COLUMN: If you want a winning football team, the Chippewa Champions Center will help
Priced at $32 million, the Chippewa Champions Alumni Center is a hefty project, to say the least.
Stretching three levels, the building will be home to the Alumni Center and office spaces, an improved training center for student-athletes and a sports medicine complex.
Many non-athletes question the value of the project by asking, what about the rest of us?
Some of those same students showed immense frustration following CMU's 1-11 season under now-former coach John Bonamego.
I understand why some students dislike the idea of spending the $32 million on a football project that could be complete in 2021, but it will help the athletic department as a whole.
"No funds have been or will be taken from other colleges to construct this facility," said CMU Athletic Director Michael Alford. "It's coming all from fundraising. We've been able to go out and identify new revenue streams. Those revenue streams are going to this facility, alumni reserves and some construction reserves. No (academic) units will be touched."
Nonetheless, superior facilities lead to better recruiting which directly translates to on-field performance.
"That's a critical factor for our recruits," Alford said. "We show (recruits) this is coming in the future, and they're very excited about it. Parents are excited about it."
In 1998, CMU debuted the Indoor Athletic Complex and renovated Kelly/Shorts Stadium. The construction cost was $2.2 million when built, which would be $3.4 million in 2018 due to inflation. Over 10,000 seats were added and the press box was updated but, more importantly, the IAC was built.
Just a few years after the debut of new facilities, CMU football saw unprecedented success beginning in 2005. Led by coaches Brian Kelly and Butch Jones, CMU nabbed three MAC championships, two bowl victories and an Associated Press Top 25 poll finish in 2009.
CMU secured a MAC title in 2006, and the team was led by senior defensive lineman Dan Bazuin, senior offensive lineman Joe Staley and senior wide receiver Damien Linson. Those three, along with many other seniors on the 2006 roster, were emerging high school prospects right around the completion of the new facilities.
"You look back after they built the IAC at the immediate effects it had," Alford explained. "That success we had was right after the facility was built.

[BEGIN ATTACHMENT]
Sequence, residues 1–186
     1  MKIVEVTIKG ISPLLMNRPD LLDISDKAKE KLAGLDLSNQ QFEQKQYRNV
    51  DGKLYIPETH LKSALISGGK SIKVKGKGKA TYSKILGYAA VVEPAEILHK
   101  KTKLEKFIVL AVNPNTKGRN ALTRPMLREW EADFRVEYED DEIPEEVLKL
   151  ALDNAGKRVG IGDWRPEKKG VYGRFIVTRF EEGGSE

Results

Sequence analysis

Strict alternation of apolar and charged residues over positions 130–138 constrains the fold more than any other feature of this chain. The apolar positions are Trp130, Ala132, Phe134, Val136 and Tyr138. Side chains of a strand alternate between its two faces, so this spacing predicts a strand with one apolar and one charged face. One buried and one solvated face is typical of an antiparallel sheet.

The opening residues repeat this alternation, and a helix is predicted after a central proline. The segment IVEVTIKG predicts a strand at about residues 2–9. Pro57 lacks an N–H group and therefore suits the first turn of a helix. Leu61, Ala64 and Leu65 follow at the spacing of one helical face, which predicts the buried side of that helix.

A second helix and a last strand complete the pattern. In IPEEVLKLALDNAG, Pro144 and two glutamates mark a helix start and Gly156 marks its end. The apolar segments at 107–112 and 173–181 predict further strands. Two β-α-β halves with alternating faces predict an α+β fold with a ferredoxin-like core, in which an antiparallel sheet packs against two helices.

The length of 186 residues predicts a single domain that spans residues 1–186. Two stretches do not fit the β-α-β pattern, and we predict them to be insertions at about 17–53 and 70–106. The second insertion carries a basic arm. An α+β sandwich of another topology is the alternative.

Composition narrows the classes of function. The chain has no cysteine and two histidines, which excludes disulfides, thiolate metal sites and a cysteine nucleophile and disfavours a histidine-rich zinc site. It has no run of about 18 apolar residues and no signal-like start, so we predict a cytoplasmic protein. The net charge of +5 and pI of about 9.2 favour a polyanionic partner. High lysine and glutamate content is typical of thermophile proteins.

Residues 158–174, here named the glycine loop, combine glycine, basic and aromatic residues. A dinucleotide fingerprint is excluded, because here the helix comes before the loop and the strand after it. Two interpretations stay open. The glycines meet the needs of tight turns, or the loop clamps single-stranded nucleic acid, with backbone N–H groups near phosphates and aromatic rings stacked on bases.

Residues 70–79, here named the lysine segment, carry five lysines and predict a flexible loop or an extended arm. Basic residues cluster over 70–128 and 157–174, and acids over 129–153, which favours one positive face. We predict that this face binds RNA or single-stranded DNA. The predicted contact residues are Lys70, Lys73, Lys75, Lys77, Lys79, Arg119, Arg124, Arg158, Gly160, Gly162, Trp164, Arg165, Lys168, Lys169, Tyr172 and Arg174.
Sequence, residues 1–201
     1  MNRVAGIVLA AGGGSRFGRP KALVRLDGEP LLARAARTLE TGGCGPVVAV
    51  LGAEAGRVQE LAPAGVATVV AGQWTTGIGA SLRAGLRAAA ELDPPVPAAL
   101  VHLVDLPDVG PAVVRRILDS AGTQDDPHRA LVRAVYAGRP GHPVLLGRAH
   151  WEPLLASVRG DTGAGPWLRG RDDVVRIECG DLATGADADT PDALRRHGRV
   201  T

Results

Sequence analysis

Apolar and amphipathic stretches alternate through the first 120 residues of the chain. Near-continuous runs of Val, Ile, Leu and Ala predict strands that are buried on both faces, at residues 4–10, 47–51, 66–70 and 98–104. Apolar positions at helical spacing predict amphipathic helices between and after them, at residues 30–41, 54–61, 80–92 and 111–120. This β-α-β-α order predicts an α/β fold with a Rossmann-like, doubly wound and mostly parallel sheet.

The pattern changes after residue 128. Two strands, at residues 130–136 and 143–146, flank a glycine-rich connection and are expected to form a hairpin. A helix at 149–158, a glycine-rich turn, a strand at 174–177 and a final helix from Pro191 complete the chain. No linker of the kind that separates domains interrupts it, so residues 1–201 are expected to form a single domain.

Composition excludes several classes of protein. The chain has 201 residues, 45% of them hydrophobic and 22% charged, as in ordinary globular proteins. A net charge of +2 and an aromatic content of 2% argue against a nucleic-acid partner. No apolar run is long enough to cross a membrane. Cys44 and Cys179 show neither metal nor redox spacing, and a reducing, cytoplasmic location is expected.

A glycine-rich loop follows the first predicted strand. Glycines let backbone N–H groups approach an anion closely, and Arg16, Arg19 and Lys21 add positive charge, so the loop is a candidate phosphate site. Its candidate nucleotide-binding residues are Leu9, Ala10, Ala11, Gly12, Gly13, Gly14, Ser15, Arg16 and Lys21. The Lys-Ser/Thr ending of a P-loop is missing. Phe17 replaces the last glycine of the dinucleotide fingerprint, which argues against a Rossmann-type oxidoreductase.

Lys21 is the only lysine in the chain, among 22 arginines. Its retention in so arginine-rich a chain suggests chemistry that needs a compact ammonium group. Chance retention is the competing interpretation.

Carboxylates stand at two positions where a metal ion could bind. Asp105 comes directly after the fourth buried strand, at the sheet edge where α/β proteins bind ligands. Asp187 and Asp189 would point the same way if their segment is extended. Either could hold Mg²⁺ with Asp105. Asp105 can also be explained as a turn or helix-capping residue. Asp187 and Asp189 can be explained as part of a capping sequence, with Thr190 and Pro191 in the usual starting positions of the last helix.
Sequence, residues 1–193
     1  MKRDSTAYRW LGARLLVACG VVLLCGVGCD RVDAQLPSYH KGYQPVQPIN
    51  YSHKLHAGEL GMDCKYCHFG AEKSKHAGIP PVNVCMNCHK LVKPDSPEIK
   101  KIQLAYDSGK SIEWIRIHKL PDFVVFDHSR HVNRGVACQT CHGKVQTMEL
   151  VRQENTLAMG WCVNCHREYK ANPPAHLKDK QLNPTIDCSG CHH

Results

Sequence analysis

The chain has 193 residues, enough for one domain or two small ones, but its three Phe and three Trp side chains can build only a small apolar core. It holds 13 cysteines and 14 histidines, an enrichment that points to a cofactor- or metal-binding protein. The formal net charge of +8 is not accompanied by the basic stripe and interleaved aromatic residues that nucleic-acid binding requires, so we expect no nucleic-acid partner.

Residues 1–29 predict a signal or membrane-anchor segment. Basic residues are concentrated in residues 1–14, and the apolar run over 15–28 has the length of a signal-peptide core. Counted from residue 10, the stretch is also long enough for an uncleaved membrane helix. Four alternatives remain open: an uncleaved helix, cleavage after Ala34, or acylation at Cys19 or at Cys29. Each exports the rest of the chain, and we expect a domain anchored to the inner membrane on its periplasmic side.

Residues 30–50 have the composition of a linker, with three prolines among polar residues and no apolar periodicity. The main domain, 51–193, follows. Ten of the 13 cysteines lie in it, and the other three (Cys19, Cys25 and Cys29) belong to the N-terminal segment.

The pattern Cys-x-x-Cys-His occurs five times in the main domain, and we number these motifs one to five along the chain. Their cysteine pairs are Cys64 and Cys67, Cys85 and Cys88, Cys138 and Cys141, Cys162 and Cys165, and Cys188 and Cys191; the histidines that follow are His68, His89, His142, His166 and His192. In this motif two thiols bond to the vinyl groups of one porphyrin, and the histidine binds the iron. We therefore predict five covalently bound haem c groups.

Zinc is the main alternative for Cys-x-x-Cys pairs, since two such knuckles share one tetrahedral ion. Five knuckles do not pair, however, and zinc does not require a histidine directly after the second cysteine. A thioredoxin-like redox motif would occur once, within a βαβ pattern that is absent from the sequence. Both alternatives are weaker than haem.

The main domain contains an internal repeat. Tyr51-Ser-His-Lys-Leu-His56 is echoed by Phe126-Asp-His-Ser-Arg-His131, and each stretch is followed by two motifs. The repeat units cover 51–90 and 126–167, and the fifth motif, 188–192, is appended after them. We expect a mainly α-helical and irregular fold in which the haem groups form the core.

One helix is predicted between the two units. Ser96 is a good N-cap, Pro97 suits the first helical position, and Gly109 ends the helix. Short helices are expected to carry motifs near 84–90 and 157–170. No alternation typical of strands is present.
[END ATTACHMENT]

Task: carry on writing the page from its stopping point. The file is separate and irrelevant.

"Anytime you see a renovation to a facility, it has an immediate impact on your ability to go out and get recruits – showing you're investing in them."
Players came to Mount Pleasant and seemingly took note of turf bay, which at the time, was the only one in the MAC.
In the same way, CMU's staff showed the incoming class of 2019 recruits a blueprint of the Champions Center, and it made an impact. The Chippewas jumped from the No. 9 MAC recruiting class in 2018 to No. 6 in 2019, even with a full coaching staff change.
Two 2019 football signees said the Champions Center was one of the reasons why they picked to attend CMU.
- Offensive lineman Danny Motowski: "Facilities are huge. I'm really looking forward to the Chippewa Champions Center."
- Offensive lineman Cameron Vaughn: "Facilities are very important to enhance the performance of each player to the best of their ability. (CMU's) definitely a plus now that (the facilities) are going to be built."
Vaughn, a three-star prospect, picked CMU over South Carolina and UCF. He said the Champions Center will improve recruiting numbers.
"I feel like it will have a positive effect on recruiting and will be that edge needed to get a recruit to commit to CMU over other choices," Vaughn said.
Every program in the MAC has an indoor practice field, except for Ball State.
There isn't a lot to differentiate between MAC schools other than relationships with coaches and facilities, which it holds such importance to performance on the gridiron.
When a high school football prospect picks a college, he ultimately devotes his upcoming three to four years to live at that school and spend nearly every day at the facilities.
Football players want nice things, just like the average student.
"When you look, that's where our guys spend a majority of their time," Bonamego said. "Compare it to your apartment or home. You want to have the things in your home that enable you to be comfortable."
Looking at CMU's arch-rival, Western Michigan has gone all-in at their football facilities. Former WMU coach P.J. Fleck entered in 2013 and began projects for new buildings. Four years later, the Broncos were among the Top 15 teams in all of college football.
Despite a 1-11 record in Fleck's first season with Broncos, the staff signed arguably the best recruiting class in WMU history and clearly best in the MAC since 2000.
Toledo put in a turf bay just less than a decade ago and later added an end zone facility. Northern Illinois, in the mid-2000s, was one of the first MAC schools to have an end zone building.
The Huskies were mediocre in 2005 when the end zone facility was built, but jumped to produce a 57-13 record from 2010-15. Players signed in the years following the new facilities, proving a direct correlation.
There are other cases, including Bowling Green, Miami (Ohio), Eastern Michigan and Kent State. New facilities are proven to enhance recruiting and win football games.
If all goes as planned, the Chippewas could be back on top in the near future thanks to the Champions Center.